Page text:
As I begin, please indulge me as I make a few personal prefatory remarks. I have reviewed dozens of books in my professional life, but this review will be different. Consider this review a cri de coeur over a book written as a cri de coeur. I am deeply invested in more than one element of Kristin Kobes Du Mez’s Jesus and John Wayne. For one, I know Professor Du Mez professionally and I have a deep and abiding respect and admiration for her. I also am a white, conservative evangelical Christian, so I read the pages of this book with the realization that my people are the subject of this book (although I do question how valid the way DuMez normativizes the concept of “white evangelical” is). And lastly, I am a Christian historian myself, and am constantly thinking about how to be a worthy student and teacher of history, as well as a creditable teller of past stories for present audiences. In short, I do not read Du Mez’s book from the standpoint of total objectivity, nor do I approach her subject matter as a set of pure abstractions in which I have no part.
Furthermore, I bring my own experiences as an evangelical to the narrative that Du Mez has produced in her book. I was not born into an evangelical family. In fact, I am the first evangelical Christian in my family’s history, as far as I know. I was raised in a family of mainline Presbyterians and Episcopalians, and did not go to church except on holidays during my childhood and teenage years. I came to Christ after I went to college, and initially joined a Southern Baptist church because the person who led me to Christ was a Southern Baptist. Thus, the history of evangelicalism in the 1970s and 1980s was a history I learned about in books, and had no direct experience thereof.
Still, since coming to Christ in 1988, I have partaken in the recent history of evangelicalism. I have studied it, but I have also witnessed it unfold as a seminary student, as a member of a pastoral staff in a Southern Baptist church, as a Christian school teacher, as a seminary professor, and as a husband and father. Predominately white conservative evangelicals, of the Southern Baptist kind, are my people. My wife and I homeschool our children—we often laugh at ourselves as “weird homeschoolers.” I have a profound love for evangelicals and a loyalty to them based in personal identity, but also in thirty years of full-time service to them and alongside them. Still, I am not blind to their flaws, and I am not their unconditional defender. White conservative evangelicals are what they are for a host of reasons. They have a complex history, and their story is a story that is thrilling, fascinating, heartbreaking, and everything in between.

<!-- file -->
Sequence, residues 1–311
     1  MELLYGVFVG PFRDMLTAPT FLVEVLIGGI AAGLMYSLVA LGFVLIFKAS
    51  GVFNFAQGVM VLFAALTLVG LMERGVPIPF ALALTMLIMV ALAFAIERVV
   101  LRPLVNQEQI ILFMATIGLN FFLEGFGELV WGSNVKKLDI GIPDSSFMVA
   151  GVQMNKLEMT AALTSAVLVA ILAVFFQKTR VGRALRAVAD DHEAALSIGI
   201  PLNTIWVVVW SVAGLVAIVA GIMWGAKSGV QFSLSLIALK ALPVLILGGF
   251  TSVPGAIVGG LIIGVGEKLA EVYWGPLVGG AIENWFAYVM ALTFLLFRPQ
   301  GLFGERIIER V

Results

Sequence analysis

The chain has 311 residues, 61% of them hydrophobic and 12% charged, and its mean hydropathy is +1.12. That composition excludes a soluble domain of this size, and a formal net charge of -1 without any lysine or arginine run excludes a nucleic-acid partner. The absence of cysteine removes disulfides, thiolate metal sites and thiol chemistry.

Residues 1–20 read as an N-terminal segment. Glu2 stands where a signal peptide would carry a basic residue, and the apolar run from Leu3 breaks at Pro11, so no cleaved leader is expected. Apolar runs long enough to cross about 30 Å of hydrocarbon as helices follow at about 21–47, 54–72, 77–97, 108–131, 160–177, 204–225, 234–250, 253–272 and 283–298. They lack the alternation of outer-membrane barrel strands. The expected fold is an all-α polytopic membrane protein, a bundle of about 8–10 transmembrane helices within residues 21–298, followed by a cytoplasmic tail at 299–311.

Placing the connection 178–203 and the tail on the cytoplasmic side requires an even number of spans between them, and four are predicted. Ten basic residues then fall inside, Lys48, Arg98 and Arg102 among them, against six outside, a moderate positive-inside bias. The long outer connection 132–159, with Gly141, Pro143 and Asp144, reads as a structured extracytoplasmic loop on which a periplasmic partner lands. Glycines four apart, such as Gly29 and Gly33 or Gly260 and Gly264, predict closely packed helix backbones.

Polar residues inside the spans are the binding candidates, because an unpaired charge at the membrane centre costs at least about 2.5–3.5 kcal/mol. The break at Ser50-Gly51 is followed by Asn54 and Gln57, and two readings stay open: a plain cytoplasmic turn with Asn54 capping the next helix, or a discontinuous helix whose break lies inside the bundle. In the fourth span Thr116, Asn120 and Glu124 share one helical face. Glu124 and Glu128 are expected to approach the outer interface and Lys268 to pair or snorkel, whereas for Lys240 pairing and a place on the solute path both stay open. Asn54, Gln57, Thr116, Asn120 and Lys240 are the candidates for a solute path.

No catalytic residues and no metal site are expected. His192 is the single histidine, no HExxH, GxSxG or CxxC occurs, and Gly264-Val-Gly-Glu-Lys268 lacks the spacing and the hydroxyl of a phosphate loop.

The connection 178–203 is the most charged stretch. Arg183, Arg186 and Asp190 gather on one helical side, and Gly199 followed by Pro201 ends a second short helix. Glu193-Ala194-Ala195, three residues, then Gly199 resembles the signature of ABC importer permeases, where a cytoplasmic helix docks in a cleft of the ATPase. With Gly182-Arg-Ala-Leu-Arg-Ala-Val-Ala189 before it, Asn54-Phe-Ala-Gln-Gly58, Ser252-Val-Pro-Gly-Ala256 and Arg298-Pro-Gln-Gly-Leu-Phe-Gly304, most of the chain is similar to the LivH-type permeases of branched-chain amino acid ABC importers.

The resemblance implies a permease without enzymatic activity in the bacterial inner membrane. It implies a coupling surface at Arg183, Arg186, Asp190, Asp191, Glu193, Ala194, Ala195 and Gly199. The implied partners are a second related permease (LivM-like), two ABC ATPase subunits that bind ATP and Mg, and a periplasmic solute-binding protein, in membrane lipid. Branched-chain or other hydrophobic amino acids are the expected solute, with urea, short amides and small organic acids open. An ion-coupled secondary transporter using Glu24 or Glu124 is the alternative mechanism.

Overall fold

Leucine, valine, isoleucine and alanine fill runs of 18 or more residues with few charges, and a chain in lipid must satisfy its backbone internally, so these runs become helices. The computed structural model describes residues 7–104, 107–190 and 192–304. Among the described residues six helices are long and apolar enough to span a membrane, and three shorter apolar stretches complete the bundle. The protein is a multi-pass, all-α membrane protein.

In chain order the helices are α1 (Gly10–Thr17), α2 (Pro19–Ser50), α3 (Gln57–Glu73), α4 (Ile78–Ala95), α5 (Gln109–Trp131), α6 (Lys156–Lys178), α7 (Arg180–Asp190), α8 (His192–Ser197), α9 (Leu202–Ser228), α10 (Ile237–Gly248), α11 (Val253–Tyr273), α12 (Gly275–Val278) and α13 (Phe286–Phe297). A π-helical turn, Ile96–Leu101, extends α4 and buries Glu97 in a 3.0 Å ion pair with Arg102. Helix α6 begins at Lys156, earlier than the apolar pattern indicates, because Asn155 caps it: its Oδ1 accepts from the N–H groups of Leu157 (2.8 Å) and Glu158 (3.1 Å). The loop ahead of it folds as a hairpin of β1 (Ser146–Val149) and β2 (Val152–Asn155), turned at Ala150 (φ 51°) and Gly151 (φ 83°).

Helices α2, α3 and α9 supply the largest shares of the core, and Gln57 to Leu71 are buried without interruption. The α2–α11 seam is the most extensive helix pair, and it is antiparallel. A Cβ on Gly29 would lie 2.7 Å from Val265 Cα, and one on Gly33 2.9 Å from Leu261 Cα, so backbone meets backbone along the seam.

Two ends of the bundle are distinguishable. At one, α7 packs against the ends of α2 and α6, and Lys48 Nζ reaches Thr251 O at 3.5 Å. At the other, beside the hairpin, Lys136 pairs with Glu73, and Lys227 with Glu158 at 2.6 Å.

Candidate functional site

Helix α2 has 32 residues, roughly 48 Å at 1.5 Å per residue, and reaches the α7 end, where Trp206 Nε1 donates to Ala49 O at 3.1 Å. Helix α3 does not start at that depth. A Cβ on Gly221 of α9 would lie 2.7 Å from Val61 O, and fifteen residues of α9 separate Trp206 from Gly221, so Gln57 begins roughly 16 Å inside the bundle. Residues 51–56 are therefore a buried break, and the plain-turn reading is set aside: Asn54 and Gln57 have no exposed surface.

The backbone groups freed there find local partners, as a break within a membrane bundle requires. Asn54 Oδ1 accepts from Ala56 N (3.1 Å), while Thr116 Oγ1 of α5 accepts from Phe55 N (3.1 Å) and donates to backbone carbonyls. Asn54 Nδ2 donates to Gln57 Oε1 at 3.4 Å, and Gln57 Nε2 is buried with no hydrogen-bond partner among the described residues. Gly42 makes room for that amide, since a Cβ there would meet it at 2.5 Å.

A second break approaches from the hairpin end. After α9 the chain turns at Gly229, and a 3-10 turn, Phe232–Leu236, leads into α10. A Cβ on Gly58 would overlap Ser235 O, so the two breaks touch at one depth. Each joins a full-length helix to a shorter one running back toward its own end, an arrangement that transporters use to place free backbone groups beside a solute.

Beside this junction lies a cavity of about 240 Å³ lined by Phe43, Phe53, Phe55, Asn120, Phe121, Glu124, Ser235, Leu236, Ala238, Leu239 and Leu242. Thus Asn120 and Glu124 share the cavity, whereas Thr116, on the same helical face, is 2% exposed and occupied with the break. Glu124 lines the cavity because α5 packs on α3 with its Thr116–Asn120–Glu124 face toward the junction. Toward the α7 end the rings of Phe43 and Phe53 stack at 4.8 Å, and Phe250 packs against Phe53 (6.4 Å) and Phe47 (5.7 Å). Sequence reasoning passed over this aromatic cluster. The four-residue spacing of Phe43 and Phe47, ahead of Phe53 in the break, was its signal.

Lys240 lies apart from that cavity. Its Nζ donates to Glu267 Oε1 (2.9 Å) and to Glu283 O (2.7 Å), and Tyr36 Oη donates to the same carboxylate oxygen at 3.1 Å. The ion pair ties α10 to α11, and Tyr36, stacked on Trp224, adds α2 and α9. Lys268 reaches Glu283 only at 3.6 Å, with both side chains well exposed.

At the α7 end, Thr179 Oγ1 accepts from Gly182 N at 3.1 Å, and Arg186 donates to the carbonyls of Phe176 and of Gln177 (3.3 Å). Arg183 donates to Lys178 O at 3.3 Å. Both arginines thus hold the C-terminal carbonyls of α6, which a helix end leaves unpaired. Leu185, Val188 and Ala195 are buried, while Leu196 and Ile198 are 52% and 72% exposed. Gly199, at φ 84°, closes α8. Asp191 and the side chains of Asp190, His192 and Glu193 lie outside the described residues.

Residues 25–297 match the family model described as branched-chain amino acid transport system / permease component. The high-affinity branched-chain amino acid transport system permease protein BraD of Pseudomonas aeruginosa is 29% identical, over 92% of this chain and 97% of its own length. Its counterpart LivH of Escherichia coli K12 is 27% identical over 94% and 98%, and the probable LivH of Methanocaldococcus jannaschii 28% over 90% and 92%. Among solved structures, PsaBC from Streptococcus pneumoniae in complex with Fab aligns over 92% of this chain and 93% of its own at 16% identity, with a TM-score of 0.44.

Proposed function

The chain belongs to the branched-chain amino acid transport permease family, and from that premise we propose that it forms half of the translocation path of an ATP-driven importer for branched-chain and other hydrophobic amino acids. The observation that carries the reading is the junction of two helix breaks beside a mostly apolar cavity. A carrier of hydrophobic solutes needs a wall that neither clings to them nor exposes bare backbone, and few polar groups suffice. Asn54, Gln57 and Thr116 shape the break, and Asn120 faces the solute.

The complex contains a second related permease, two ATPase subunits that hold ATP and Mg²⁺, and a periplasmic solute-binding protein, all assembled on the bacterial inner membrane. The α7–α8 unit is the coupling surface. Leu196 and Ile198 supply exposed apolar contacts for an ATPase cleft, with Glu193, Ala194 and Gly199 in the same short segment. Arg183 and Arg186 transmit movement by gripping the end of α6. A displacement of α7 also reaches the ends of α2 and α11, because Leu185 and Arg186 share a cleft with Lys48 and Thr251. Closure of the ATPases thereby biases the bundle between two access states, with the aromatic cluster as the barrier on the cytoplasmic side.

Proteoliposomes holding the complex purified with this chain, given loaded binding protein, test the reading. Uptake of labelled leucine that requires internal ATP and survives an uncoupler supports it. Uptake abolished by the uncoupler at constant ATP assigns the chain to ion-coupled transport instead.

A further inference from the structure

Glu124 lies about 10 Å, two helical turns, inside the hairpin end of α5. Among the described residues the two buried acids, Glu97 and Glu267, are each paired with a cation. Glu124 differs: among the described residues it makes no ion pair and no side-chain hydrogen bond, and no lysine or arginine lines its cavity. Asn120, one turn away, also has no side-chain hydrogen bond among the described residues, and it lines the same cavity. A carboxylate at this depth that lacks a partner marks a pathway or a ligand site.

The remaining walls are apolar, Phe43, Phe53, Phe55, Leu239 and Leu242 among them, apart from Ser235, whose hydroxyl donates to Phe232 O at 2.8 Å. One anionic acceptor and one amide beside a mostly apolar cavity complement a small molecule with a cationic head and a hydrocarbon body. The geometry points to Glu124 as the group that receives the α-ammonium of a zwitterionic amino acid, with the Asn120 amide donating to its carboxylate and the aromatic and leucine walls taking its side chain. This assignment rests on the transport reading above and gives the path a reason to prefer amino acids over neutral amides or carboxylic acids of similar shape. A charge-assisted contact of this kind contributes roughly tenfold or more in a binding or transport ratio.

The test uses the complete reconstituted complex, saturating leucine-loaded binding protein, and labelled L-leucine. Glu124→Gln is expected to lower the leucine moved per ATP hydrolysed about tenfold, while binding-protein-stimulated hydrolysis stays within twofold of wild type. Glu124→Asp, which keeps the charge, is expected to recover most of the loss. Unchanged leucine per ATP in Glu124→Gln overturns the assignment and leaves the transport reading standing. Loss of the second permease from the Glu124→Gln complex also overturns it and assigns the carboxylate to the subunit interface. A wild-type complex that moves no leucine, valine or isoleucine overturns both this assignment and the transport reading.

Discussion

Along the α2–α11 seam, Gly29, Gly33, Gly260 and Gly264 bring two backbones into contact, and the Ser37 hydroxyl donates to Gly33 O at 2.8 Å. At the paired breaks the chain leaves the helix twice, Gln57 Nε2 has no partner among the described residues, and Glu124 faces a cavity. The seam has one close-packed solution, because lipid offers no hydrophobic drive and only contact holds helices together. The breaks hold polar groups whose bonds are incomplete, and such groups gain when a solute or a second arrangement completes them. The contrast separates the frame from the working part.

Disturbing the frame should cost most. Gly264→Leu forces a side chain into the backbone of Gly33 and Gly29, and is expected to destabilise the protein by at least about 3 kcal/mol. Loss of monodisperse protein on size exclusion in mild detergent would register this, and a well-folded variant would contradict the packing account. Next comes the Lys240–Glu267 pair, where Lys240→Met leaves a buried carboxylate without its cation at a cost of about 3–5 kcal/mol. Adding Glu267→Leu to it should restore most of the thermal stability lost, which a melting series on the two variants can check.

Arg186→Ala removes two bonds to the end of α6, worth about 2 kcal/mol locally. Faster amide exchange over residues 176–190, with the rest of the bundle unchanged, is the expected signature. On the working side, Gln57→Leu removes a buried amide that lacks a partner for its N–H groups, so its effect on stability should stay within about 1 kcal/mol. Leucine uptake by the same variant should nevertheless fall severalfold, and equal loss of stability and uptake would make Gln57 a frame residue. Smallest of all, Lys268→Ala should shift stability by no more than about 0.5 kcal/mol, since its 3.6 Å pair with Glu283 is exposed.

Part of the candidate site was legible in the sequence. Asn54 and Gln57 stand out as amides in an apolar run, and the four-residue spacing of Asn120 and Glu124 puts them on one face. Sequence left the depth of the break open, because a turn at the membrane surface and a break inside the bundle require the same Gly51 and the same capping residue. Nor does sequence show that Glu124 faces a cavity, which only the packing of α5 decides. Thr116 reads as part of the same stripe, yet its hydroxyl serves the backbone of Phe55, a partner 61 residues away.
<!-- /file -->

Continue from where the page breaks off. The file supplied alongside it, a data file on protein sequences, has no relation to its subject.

Du Mez has given us a history of evangelicalism going back to the early twentieth century. Her history is troubling. She lives and teaches in Grand Rapids, Michigan, one of the most significant centers of evangelicalism in America, and her book reads as an anguished and prophetic cry of the heart to her own people. I would guess that my own awareness of a personal stake in this history is multiplied exponentially for Du Mez, who, I suspect, claims white evangelical Christians as her own people, too.